7-1/2" long with tack eyes
6" long, The top color is really mustard, not rust as the picture shows.
5-1/2" long with pinned glass eyes and pierced tin dorsal fin.
Carved by Neil Canfield, Wisconsin, 8" long with carved gills.
Seventy years ago, when the ravages of the Great Depression erased jobs, emptied cupboards and made winter even more cruel, the fish decoy suddenly became a vital tool for many upper Midwesterners. They relied on these flashy hookless lures to attract fish so that they could spear them through the ice.
However, the practice of fishing with decoys was invented long before the depressed days of the 1930 s. It is generally believed that Native Americans from nose-numbing climes were the first to lure fish with decoys as early as 1000 AD. The Indians primarily Ojibways (Chippewas) shared their skills with the white man and thus we see the development of winter spearing as we know it today.
Fish Decoys were used during the nineteenth and the first half of the 20th centuries almost exclusively in the Great Lakes area by winter fisherman who built small shanties over large holes in the ice. The interior of the shanty was usually painted black so that a curious fish, investigating the decoy that had been dropped through the hole could easily be seen. Inside the shack or in the case of the Indians, the teepee, the ice hole gives off a frosty luminescence, kind of like a TV screen without the test pattern.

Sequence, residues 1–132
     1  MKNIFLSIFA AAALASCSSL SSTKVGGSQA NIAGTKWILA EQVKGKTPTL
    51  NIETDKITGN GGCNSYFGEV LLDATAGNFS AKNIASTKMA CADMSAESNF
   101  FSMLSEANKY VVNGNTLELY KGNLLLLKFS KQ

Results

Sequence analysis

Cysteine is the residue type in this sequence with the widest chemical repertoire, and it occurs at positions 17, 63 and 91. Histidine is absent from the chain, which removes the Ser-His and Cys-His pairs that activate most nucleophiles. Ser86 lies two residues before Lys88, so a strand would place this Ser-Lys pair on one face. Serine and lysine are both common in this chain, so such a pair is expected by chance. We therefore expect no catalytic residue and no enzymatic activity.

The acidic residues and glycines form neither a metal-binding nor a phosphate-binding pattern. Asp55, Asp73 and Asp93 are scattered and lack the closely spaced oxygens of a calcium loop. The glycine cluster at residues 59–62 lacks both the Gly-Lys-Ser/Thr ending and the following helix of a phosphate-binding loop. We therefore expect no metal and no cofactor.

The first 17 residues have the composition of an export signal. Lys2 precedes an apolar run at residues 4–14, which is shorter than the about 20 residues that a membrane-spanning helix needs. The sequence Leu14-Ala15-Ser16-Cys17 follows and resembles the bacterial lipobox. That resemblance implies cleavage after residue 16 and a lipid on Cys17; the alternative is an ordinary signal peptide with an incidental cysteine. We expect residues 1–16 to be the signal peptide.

We absolutely guarantee these fish decoys to be the "real deal". While all have nicely oxidized polychrome surfaces that show some expected wear due to age and usage, the colors still remain bright and the paint for the most part, intact. The tails suggest movement through the water as they gently curve . . . this curvature, with the tail splayed outward allowed the decoy to be maneuvered in a circle by jigging from a stick, attracting the fish. All sheet metal fins are intact and original, as are the painted, tack or glasseyes. All retain the original lead weight. All are fine, honest examples of this genre of Folk Art and are guaranteed to be old. I can t help much with species as the only fish I recognize are on a menu or in the market.
Questions? Ask the Ferret!